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PostPosted: 02 Jan 2014, 16:19 
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Joined: 05 Jan 2010, 21:16
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I thought I posted this - I either messed up or it got moved. I would assume a microphone is considered a signal source.

Many ribbon mics have either gotten a bad wrap or are at a minimum not performing up to their ability, and it seems nobody (that I can find) understands what's going on when a ribbon mic has poor high (and low) frequency response.

I can’t find the information I’ve shared below – I had to figure it out myself but it wasn’t difficult and ALL of my experiments prove my theory correct.

Most professional mic preamps have a low input impedance, usually 100, 600, 1K or 1.5K ohms. I come up with about 2.7K output impedance for the transformer secondary on a ribbon mic (2 ohms reflected through a 37:1 turns ratio transformer is about 2.7K) that is being required to drive a low impedance load. This is not good for the reasons below.

If the preamps have 600 ohm inputs (switchable to 100 ohm for ribbon mics for more gain) how is a 2.7K source (transformer secondary) going to drive that? It can’t. Look at the transformer freq response specs that are posted for some of these cheap transformers and you’ll see that a source of A FRACTION OF AN OHM was used to drive them to get those specs. A fraction of an ohm source will reflect back to the secondary as a much lower impedance than 2.7K, so the freq response plots that are published are all bogus. NO ribbon mic motor has an output impedance of 0.1 ohm. Most are ten to twenty times that (about 1 or 2 ohms) so you can expect a good amount of high frequency roll-off if you use a mic preamp with a low input impedance. Remember, vacuum tube preamps were around when the ribbon mic was invented, with input impedances on the grid of the input tube of 1Megohm or more in many cases.

Fast-forward 70 years and we find that we now live in a world of condenser mics and preamps with very low input impedances - MUCH lower than vintage tube preamps used with vintage ribbon mics. But for some strange reason we fail to take into account these changes, and as a result we expect many ribbon mics to drive loads that they simply can't drive. A mic pre with a high impedance input would prevent the highs from “sagging” on the primary of the transformer due to the fact the current draw is much lower, OR. the output of the transformer secondary could be buffered and boosted INSIDE THE MIC using active electronics just as condenser mics do. I use a homemade TI chip with JFET inputs as a “pre”-preamp just like my phantom powered condensers use a "pre-preamp" inside of them.

Using a homemade low noise JFET input high impedance preamp/buffer on the secondary of the transformer causes the high frequencies to become much more pronounced and open compared to loading it down with a professional mic-pre having very low input impedances. The transformer gives a “noise free” voltage boost, but the output driving current is reduced by a factor of 37 – there is no “free power”. Conversely, condenser mics have an almost constant output impedance at the XLR mic connector with respect to frequency (active circuitry as opposed to a transformer coil). Transformers tend to have rising output impedances with frequency, so loading them down with a low impedance resistive load will simply create a low pass filter and make the mic sound dull and muddy.

If you have a high impedance preamp such a a guitar pedal with a 1 Meg input impedance try plugging (any) ribbon mic into it before going to the mic preamp. You might get a lot of noise due to the noise the pedal creates, but you’ll also notice that the treble is no longer being “sucked away” by your $5,000 mic pre that sounds worse than a $4 Texas Instruments Op-Amp circuit that costs about $15 to build. If you build one use a non-inverting circuit configuration to avoid resistor noise on the input and a TI LME49860 Op-Amp with an input noise density of 2.7nV/sqrt(Hz). This is one of the quietest op-amps you can buy. The input bias current is high, but with the *relatively* low impedance of the source (assuming 2.5K), current noise is not an issue.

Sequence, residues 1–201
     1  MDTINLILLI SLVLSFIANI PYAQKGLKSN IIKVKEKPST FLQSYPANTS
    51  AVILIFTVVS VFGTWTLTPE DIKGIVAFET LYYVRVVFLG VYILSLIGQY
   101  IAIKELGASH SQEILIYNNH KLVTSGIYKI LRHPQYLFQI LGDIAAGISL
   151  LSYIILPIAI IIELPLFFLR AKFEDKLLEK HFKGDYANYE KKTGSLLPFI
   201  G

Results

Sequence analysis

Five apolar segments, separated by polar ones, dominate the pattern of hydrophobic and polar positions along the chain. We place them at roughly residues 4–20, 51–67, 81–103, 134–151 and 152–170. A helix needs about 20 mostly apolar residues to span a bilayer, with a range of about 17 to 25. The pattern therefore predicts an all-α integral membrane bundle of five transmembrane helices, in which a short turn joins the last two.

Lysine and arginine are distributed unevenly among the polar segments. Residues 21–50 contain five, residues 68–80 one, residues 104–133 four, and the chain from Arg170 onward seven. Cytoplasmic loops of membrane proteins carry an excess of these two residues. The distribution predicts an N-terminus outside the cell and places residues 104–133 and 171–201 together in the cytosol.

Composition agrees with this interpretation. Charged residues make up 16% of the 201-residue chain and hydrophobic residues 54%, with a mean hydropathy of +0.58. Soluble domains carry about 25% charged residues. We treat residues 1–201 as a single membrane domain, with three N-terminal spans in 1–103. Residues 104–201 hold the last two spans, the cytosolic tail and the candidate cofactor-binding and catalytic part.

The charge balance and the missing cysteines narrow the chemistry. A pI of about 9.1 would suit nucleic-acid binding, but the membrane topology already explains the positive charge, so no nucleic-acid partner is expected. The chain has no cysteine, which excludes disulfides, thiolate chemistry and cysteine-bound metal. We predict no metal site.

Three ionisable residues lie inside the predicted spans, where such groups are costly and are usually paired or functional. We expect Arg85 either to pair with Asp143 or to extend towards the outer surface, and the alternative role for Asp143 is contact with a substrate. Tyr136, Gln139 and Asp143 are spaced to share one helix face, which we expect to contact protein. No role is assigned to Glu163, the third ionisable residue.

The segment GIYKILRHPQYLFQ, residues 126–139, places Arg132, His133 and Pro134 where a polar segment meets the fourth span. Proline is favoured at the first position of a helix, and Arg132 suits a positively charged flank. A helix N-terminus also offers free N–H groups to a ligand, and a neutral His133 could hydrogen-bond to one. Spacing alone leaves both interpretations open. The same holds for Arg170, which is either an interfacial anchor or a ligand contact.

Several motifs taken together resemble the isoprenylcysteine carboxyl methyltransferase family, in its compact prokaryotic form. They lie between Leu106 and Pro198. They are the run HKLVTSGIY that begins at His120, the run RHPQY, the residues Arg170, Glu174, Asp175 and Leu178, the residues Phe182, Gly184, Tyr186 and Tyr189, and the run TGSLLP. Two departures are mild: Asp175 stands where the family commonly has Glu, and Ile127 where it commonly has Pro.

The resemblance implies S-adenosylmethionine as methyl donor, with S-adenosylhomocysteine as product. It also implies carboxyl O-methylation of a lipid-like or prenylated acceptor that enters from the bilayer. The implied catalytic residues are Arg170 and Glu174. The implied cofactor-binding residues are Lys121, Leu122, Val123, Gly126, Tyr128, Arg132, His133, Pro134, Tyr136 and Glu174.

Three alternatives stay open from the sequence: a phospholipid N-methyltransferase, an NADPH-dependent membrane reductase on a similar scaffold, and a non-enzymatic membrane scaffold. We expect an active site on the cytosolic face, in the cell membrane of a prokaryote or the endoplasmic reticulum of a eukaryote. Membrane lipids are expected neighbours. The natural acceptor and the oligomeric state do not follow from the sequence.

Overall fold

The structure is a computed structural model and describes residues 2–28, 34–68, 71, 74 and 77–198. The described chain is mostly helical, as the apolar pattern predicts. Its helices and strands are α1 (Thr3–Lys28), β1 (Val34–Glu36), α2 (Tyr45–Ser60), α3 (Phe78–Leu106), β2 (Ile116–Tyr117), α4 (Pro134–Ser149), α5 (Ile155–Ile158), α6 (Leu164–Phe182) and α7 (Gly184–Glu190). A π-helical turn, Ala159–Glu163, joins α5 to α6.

www.lundahl.se/pdfs/datash/1927A.pdf (add a "w")

The Lundahl above specs a flat frequency response – flat with a 0.3 ohm source and a 10K load!!! These impedances are FANTASIES. In real life they are VERY different. Try about 2 ohms for the source (about 7 times higher than the 0.3 ohms used for the specs) which reflects to the transformer secondary at about 2.5K. So a 2.5K source is supposed to drive a load as low as 600 ohms on the input of a good mic pre PLUS the cable capacitance. NOT GOING TO HAPPEN without problems. This is basic stuff. READ THE DATA SHEETS.

All the above means two things: 1)The response curves and specs on transformers is MEANINGLESS, 2)You can fix the problem of a dull ribbon mic using a good transformer AND a buffer amp between the mic's transformer and the mic preamp. A buffer alone may solve all your problems better than a new transformer but it takes more time to build. An alternative is to use the Hi-Z input on a good mic preamp.

www.ti.com/lit/ds/symlink/opa627.pdf

The above is another good op-amp that won’t load down your transformer, the OPA627. This Op-amp has the advantage of a very low input bias current although in this application that spec isn’t as important than the voltage noise.

www.lundahl.se/wp-content/uploads/2013/05/7903.pdf

This transformer specs the freq response using a 30K ohm load!!! I believe that, but as soon as you plug it into a mic pre with a low impedance input the first thing that will happen is that your treble will be attenuated. A device designed to drive a 30K load will NOT PROPERLY drive the 600 ohm load of a mic pre. If your plugging a ribbon mic into a low impedance input mic pre you WILL experience loss of high frequencies. If you buffer the secondary so that it feeds a load in excess of 30K ohms then you’ll get a flat response. The main problem here is that the output impedance of the transformer is not flat with respect to frequency, and if the load is too large (low impedance) the high frequencies will drop off. Also, transformers are poor drivers of long cables. I also use a very short cable (about 5′) from the mic to the homemade buffer/preamp to avoid picking up noise or loosing treble in the cable capacitance.